The third day of the hearing that sees Microsoft and Activision face the FTC in the case about the pending acquisition is ongoing, and Sony Interactive Entertainment CEO Jim Ryan presented his deposition.
Unlike Microsoft's executives, Ryan's deposition was presented via pre-recorded video and he shared a few interesting points, shared by Mlex's Michael Acton, FOSS Patents' Florian Mueller, and Axios' Stephen Totilo.
According to Ryan, Xbox consoles are more popular in the US than in other regions because many of their games involve an element of shooting and online multiplayer, which typically are more popular in the US compared to the rest of the world.
Ryan also admitted that Sony's own games tend to be exclusive as the company uses them as a point of difference when it comes to the decisions that gamers make about which consoles to buy.
We also hear from the executive that he believes Nintendo participates in a different market segment as opposed to Xbox and PlayStation, as Nintendo's hardware is less sophisticated, cheaper, and aimed at a generally younger Audience. Later in the deposition, he admitted that Nintendo is in the console market, but confirmed that he believes they're not Sony's direct competitors. According to his personal opinion, Nintendo's Audience enjoys Super Mario and The Legend of Zelda, but not Call of Duty.
Ryan reiterated that Sony will not share PlayStation development kits in advance with Activision if it's owned by Microsoft, as it can't rely exclusively on contracts to avoid leaks of the console's feature sets to its principal competitor (Microsoft).
The executive also mentioned that an email from Phil Spencer aimed to reassure him about the acquisition did not actually have that effect.
Speaking of Call of Duty, Ryan believes that the strength of the series is in the fact that it's released annually and that the games are different and unique. There is "nothing like it in the industry." He also believes that Microsoft intends to use the series to disadvantage PlayStation in terms of availability and to drive PlayStation users to Xbox, specifically Game Pass. He continued by mentioning that it's very important that the version of the CoD games on PlayStation is equivalent to the one on Xbox, in terms of "release date, game quality, frequency of bugs, and there are other such vectors."
Ryan explains that as of May 2022, he believed it could be possible to reach an agreement with Xbox, and as of January he was not concerned about Activision's games being pulled off PlayStation. Speaking of the mail in which he expressed that lack of concern, Ryan mentioned that he meant that at the time. Yet, in August there was an email that "really set alarm bells ringing." He admitted he had a meeting with the British CMA in the summer, but he doesn't remember if it was before or after that email.
Asked whether he heard anyone at Sony say that the deal would really harm the company, Ryan responded that he does not know because he does not listen to the calls. He also doesn't know if he has ever told investors that Sony can't be competitive if the deal happens.
In February 2023 Activision Blizzard CEO Bobby Kotick asked to negotiate, but Ryan responded that he thought the deal was anticompetitive and he simply hoped that regulators would do their job and block it.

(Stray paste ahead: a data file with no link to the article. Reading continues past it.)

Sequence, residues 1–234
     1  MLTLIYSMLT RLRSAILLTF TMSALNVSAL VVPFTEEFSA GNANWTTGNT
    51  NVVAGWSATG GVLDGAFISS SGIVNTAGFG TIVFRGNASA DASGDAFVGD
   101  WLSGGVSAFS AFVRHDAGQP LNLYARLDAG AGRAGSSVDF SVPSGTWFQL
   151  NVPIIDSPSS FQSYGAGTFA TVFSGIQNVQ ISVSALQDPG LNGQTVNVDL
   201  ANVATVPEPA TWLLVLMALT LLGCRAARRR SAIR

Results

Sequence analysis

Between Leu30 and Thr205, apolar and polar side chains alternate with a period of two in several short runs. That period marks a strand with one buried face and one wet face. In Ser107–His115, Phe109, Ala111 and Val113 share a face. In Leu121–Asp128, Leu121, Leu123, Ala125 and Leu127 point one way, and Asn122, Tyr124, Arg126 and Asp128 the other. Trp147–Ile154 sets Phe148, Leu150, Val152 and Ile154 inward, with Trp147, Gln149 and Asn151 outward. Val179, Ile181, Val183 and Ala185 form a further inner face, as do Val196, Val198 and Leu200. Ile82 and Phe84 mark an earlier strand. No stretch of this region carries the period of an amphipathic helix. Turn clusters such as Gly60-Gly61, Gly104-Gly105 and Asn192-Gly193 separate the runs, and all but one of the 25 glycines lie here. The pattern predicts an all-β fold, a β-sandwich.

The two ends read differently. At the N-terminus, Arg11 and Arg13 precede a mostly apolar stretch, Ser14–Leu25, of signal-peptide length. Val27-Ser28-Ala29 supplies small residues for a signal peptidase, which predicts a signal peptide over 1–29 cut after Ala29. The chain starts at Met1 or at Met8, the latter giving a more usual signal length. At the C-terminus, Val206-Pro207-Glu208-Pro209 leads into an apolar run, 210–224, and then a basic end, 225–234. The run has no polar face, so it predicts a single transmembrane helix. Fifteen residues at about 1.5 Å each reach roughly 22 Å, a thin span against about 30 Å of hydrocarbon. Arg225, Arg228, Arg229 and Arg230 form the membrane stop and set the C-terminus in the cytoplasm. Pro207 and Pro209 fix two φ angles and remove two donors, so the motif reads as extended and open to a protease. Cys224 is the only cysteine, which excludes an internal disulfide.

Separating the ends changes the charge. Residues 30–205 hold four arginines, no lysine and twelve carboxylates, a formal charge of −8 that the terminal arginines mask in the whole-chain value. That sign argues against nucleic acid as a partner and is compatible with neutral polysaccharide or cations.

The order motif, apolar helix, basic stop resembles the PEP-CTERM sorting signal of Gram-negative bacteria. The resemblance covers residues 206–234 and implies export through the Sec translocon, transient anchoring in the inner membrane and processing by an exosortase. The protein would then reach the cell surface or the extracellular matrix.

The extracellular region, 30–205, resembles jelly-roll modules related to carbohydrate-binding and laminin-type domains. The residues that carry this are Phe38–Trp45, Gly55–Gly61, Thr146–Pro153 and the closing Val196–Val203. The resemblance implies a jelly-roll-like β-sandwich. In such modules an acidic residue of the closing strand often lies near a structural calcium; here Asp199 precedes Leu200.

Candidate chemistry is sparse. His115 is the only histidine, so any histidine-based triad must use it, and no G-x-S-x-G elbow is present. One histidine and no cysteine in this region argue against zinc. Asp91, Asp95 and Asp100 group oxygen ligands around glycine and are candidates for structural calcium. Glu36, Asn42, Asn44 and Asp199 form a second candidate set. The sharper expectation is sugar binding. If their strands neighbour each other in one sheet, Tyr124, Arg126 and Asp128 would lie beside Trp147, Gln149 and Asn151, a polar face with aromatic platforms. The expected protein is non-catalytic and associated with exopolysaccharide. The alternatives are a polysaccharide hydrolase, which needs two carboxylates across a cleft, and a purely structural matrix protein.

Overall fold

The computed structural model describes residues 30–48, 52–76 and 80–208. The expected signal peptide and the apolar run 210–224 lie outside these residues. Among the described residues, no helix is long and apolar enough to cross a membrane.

Ryan currently believes that Xbox would remove Call of Duty from PlayStation as they're incentivized to do so. Asked what he would do if the roles were reserved, he refused to answer as that's a hypothetical question. Pressed further, he answered that he doesn't have enough knowledge to answer.
Asked whether he has any evidence that Microsoft would pull CoD from PlayStation, he answered that he believes the stance Microsoft is taking about subscription service pricing is evidence at best of partial foreclosure.
Ryan also said he talked to all publishers and they unanimously dislike Game Pass because it's "value destructive" and this has been a commonly held view for many years. He also never asked Activision to release Call of Duty on PlayStation Plus, as it's about catalog games and Bobby Kotick has said that was not a path he intended for Activision's games.
The executive talked about PlayStation Now, saying it has 3 million users, and he believes that cloud tech will become a meaningful component of how gamers access games between 2025 and 2035.
If you're unfamiliar with the situation, the FTC has recently obtained a temporary restraining order against the acquisition until the federal court rules on the possible preliminary injunction. You can read our summaries of the first day and second day of the hearing.
Recently, the European Union approved the deal including proposed remedies to level the competitive playing field on the cloud market, which Microsoft agreed to. A few weeks ago, we learned that the deal was approved by the Chinese authority and South Korea's regulator bringing the number of countries that officially cleared the acquisition to 38.
The authority of New Zealand asked for further information addressing its possible concerns on the case in order to come to a conclusion in mid-July.
In an interview published a few days ago, Activision Blizzard CEO Bobby Kotick mentioned that Microsoft is “by far the best place" for the publisher, adding that the acquisition is "the right thing for the industry."